At the start I also mentioned internationalization considerations. Some of these are very difficult to account for because they require knowledge not only of what language is being used, but also may require specific knowledge of the words in the language. For example, the Irish digraph "mb" capitalizes as "mB" at the start of a word. Another example, the German eszett, never begins a word (afaik), but still helps illustrate the problem. The lowercase eszett (“ß”) capitalizes to “SS,” but “SS” could lowercase to either “ß” or “ss” — you require out-of-band knowledge of the German language to know which is correct!

The most famous example of these kinds of issues, probably, is Turkish. In Turkish Latin, the capital form of i is ?, while the lowercase form of I is ? — they’re two different letters. Fortunately we do have a way to account for this:

function capitalizeFirstLetter([ first, ...rest ], locale) {
  return [ first.toLocaleUpperCase(locale), ...rest ].join('');
}

capitalizeFirstLetter("italy", "en") // "Italy"
capitalizeFirstLetter("italya", "tr") // "?talya"

In a browser, the user’s most-preferred language tag is indicated by navigator.language, a list in order of preference is found at navigator.languages, and a given DOM element’s language can be obtained (usually) with Object(element.closest('[lang]')).lang || YOUR_DEFAULT_HERE in multilanguage documents.

In agents which support Unicode property character classes in RegExp, which were introduced in ES2018, we can clean stuff up further by directly expressing what characters we’re interested in:

function capitalizeFirstLetter(str, locale=navigator.language) {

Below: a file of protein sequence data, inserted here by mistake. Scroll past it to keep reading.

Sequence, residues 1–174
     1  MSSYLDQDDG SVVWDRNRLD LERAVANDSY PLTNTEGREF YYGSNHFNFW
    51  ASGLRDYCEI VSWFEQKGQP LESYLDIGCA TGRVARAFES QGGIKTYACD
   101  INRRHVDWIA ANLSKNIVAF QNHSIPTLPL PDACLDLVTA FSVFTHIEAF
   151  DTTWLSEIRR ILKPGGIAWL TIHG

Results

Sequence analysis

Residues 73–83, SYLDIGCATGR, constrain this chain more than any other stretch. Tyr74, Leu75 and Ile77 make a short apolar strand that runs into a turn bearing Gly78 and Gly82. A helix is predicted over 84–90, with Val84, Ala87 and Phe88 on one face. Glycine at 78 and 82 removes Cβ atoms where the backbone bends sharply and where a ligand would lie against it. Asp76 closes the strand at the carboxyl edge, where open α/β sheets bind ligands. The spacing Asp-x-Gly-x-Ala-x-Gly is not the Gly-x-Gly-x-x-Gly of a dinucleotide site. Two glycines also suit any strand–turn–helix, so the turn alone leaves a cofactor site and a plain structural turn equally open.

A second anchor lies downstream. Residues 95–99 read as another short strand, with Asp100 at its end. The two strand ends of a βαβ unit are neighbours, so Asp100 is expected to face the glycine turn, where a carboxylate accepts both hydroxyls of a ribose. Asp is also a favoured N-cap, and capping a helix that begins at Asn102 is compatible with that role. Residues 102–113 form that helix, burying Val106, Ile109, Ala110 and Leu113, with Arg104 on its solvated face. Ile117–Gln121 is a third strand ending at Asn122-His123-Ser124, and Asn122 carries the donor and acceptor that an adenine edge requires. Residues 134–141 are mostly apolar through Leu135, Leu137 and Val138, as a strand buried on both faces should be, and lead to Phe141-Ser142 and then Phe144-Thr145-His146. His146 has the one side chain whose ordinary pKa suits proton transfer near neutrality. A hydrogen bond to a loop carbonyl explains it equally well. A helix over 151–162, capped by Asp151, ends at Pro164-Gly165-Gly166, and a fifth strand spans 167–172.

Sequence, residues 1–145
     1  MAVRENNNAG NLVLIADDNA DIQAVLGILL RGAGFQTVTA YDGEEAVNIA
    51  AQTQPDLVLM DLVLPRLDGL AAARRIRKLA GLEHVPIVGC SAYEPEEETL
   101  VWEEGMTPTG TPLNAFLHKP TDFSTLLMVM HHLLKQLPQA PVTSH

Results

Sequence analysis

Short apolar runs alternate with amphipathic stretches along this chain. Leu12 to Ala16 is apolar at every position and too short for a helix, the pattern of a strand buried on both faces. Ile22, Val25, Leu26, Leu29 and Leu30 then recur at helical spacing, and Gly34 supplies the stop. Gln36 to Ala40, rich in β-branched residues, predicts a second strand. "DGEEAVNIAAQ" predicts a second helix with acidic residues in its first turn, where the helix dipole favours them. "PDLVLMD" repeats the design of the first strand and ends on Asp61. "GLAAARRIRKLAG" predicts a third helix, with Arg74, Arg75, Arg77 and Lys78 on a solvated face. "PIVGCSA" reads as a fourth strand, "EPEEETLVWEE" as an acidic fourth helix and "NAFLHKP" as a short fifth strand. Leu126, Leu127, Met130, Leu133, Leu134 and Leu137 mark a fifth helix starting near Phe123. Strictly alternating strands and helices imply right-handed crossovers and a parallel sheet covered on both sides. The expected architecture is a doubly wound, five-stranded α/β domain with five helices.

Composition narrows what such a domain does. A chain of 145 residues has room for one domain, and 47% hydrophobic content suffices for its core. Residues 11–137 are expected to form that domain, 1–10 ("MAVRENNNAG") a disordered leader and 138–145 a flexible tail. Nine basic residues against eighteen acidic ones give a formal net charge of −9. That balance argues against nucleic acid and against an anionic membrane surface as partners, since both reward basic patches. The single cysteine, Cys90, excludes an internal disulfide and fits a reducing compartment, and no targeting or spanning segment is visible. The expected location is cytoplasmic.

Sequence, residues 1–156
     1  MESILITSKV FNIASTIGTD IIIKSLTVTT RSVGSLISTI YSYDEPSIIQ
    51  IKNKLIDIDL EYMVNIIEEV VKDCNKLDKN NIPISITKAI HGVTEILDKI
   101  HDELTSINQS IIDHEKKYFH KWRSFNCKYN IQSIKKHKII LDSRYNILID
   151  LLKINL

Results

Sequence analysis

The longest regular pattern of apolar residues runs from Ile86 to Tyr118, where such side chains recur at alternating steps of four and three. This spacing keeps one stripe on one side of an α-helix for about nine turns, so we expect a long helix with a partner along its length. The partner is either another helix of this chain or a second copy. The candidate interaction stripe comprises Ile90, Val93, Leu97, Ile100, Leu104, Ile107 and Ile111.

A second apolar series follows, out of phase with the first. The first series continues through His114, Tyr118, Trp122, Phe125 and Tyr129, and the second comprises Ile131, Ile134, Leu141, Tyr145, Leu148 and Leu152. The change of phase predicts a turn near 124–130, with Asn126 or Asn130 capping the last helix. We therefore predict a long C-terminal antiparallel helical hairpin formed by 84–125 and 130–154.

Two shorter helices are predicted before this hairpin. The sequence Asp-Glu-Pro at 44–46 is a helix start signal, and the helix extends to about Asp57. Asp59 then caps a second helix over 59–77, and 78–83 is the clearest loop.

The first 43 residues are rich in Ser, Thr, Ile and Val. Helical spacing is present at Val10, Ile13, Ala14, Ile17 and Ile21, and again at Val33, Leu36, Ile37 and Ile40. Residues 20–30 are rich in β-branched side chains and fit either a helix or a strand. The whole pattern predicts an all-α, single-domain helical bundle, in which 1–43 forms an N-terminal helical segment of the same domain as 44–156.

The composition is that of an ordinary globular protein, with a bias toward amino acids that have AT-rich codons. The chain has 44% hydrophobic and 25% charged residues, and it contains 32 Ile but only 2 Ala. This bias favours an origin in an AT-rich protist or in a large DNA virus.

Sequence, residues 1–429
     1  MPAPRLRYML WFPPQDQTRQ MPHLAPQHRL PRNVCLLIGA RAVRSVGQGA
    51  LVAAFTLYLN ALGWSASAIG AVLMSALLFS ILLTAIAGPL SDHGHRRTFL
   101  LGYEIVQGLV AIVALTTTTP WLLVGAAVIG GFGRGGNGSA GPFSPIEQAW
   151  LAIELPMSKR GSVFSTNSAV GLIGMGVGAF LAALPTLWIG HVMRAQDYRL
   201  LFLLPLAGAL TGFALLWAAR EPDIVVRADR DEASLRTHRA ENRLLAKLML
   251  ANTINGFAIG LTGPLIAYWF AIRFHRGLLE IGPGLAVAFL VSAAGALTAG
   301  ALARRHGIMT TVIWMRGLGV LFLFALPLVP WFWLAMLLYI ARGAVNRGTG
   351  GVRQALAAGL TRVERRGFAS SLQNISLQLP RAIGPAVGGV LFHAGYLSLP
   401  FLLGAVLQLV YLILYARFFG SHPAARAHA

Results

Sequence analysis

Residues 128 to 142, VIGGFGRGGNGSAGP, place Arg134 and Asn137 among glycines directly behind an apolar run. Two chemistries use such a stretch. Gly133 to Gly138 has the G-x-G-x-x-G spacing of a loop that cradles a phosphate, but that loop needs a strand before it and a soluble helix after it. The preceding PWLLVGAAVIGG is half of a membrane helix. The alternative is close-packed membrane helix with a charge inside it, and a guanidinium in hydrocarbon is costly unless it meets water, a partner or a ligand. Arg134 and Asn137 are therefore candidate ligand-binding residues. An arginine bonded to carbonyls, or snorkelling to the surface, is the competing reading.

return str.replace(/^\p{CWU}/u, char => char.toLocaleUpperCase(locale));
}

This could be tweaked a bit to also handle capitalizing multiple words in a string with fairly good accuracy. The CWU or Changes_When_Uppercased character property matches all code points which, well, change when uppercased. We can try this out with a titlecased digraph characters like the Dutch ? for example:

capitalizeFirstLetter('?sselmeer'); // "?sselmeer"

At the time of writing (Feb 2020), Firefox/Spidermonkey has not yet implemented any of the RegExp features introduced in the last two years*****. You can check the current status of this feature at the Kangax compat table. Babel is able to compile RegExp literals with property references to equivalent patterns without them, but be aware that the resulting code may be enormous.


In all likelihood, people asking this question will not be concerned with Deseret capitalization or internationalization. But it’s good to be aware of these issues because there’s a good chance you’ll encounter them eventually even if they aren’t concerns presently. They’re not “edge” cases, or rather, they’re not by-definition edge cases — there’s a whole country where most people speak Turkish, anyway, and conflating code units with codepoints is a fairly common source of bugs (especially with regard to emoji). Both strings and language are pretty complicated!


* The code units of UTF-16 / UCS2 are also Unicode code points in the sense that e.g. U+D800 is technically a code point, but that’s not what it “means” here ... sort of ... though it gets pretty fuzzy. What the surrogates definitely are not, though, is USVs (Unicode scalar values).

** Though if a surrogate code unit is “orphaned” — i.e., not part of a logical pair — you could still get surrogates here, too.

*** maybe. I haven’t tested it. Unless you have determined capitalization is a meaningful bottleneck, I probably wouldn’t sweat it — choose whatever you believe is most clear and readable.

**** such a function might wish to test both the first and second code units instead of just the first, since it’s possible that the first unit is an orphaned surrogate. For example the input "\uD800x" would capitalize the X as-is, which may or may not be expected.

***** Here’s the Bugzilla issue if you want to follow the progress more directly.